Skip to main content

Following the collapse of Sino-Forest's stock price in June, 2011, Chinese reverse takeovers (RTOs) curdled for investors. Sino-Forest can take some of the blame, but not all of it.

Last year, the Pittsburgh Tribune-Review examined about 125 Chinese reverse mergers and found 105 had either been delisted, were the subject of fraud lawsuits or had other serious problems.

While the TSX-listed Sino-Forest is notorious, the action is overwhelmingly in the U.S. A study by Stanford's law school found that of the 94 securities fraud class-actions filed in the first half of 2011, 24—more than 25%—were related to Chinese RTOs. In all of 2010, only seven suits had been filed.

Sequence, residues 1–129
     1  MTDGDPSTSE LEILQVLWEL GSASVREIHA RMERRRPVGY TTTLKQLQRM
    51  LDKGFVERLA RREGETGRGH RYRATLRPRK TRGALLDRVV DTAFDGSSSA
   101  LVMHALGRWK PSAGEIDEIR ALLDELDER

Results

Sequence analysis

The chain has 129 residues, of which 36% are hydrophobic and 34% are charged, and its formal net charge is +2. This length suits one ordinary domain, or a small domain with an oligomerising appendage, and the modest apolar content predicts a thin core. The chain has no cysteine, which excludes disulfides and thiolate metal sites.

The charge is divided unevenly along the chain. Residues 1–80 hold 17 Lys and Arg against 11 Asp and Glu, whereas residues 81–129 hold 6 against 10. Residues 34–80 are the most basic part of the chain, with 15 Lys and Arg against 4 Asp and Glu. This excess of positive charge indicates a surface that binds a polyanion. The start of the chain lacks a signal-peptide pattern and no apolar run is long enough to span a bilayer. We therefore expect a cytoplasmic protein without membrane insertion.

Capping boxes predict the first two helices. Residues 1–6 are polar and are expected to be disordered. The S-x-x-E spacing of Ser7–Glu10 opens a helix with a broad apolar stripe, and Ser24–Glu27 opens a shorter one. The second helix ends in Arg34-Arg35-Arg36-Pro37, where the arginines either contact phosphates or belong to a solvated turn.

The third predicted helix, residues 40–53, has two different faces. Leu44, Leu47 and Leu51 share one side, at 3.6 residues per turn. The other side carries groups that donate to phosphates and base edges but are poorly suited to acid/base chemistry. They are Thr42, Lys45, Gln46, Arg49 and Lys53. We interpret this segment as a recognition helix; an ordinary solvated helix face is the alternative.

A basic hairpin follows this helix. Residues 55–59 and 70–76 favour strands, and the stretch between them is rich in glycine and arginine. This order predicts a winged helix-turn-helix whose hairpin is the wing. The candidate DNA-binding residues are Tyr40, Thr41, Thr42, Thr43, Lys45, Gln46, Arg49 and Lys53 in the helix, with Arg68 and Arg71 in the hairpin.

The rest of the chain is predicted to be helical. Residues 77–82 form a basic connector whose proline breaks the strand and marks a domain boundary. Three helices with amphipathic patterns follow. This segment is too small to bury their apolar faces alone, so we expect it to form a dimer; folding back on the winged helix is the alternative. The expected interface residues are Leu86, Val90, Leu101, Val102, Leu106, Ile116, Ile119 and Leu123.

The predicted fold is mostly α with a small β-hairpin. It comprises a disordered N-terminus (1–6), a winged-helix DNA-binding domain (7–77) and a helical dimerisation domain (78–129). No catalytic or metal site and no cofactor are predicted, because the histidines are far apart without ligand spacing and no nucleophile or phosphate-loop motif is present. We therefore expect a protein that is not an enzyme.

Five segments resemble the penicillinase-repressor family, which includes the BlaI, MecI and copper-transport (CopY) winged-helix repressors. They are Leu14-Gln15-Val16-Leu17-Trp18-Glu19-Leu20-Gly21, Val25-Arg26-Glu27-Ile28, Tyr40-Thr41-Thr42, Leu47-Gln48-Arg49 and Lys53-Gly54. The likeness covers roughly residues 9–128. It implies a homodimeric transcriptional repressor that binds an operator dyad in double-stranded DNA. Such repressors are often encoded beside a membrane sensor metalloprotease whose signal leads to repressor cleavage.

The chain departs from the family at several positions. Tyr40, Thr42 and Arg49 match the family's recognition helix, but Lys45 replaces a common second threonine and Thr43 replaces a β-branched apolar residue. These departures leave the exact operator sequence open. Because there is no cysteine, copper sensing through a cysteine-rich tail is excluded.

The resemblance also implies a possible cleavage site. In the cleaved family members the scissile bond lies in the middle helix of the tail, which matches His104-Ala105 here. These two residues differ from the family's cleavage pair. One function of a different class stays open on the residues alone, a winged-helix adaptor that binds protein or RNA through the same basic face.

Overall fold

Story continues below advertisement

In Canada, the Sino-Forest meltdown inspired Ontario Securities Commission head Howard Wetston to declare that RTOs needed more regulatory scrutiny. A subsequent OSC review of emerging-market companies trading on Canadian exchanges called for more "professional skepticism" on Bay Street, but did not raise concerns about the RTO process. The TMX Group, meanwhile, has opened an office in Beijing to encourage more Chinese-based companies to list in Toronto.

Report an error Editorial code of conduct
As of December 20, 2017, we have temporarily removed commenting from our articles. We hope to have this resolved by the end of January 2018. Thank you for your patience. If you are looking to give feedback on our new site, please send it along to feedback@globeandmail.com. If you want to write a letter to the editor, please forward to letters@globeandmail.com.